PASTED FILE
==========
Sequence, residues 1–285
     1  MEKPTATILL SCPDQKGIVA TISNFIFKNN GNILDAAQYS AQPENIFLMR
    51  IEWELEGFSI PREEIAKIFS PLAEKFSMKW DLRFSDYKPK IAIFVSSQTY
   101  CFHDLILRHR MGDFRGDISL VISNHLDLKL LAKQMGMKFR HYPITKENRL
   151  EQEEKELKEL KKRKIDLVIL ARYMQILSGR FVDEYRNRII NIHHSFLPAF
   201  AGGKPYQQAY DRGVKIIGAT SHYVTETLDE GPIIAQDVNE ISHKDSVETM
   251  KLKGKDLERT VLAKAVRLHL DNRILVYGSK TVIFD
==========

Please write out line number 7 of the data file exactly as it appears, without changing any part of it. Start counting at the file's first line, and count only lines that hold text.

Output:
   251  KLKGKDLERT VLAKAVRLHL DNRILVYGSK TVIFD